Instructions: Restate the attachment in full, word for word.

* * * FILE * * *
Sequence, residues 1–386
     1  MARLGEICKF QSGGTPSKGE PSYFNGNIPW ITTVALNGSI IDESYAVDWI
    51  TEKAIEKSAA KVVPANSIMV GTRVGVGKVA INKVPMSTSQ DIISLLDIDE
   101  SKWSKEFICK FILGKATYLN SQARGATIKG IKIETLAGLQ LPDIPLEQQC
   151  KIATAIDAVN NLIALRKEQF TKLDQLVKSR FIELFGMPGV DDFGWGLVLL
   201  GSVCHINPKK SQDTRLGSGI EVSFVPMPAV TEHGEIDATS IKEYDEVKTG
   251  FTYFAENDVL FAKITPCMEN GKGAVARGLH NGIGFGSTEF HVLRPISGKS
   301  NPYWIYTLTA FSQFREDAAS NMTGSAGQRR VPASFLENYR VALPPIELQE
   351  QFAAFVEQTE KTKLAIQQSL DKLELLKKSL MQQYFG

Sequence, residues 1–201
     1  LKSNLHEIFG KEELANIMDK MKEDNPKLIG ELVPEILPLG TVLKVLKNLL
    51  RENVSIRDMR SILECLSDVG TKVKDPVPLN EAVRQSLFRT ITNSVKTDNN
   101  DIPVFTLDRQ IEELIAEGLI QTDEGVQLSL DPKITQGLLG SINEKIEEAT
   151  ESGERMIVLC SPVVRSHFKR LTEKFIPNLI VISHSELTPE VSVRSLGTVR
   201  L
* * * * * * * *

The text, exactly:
Sequence, residues 1–386
     1  MARLGEICKF QSGGTPSKGE PSYFNGNIPW ITTVALNGSI IDESYAVDWI
    51  TEKAIEKSAA KVVPANSIMV GTRVGVGKVA INKVPMSTSQ DIISLLDIDE
   101  SKWSKEFICK FILGKATYLN SQARGATIKG IKIETLAGLQ LPDIPLEQQC
   151  KIATAIDAVN NLIALRKEQF TKLDQLVKSR FIELFGMPGV DDFGWGLVLL
   201  GSVCHINPKK SQDTRLGSGI EVSFVPMPAV TEHGEIDATS IKEYDEVKTG
   251  FTYFAENDVL FAKITPCMEN GKGAVARGLH NGIGFGSTEF HVLRPISGKS
   301  NPYWIYTLTA FSQFREDAAS NMTGSAGQRR VPASFLENYR VALPPIELQE
   351  QFAAFVEQTE KTKLAIQQSL DKLELLKKSL MQQYFG

Sequence, residues 1–201
     1  LKSNLHEIFG KEELANIMDK MKEDNPKLIG ELVPEILPLG TVLKVLKNLL
    51  RENVSIRDMR SILECLSDVG TKVKDPVPLN EAVRQSLFRT ITNSVKTDNN
   101  DIPVFTLDRQ IEELIAEGLI QTDEGVQLSL DPKITQGLLG SINEKIEEAT
   151  ESGERMIVLC SPVVRSHFKR LTEKFIPNLI VISHSELTPE VSVRSLGTVR
   201  L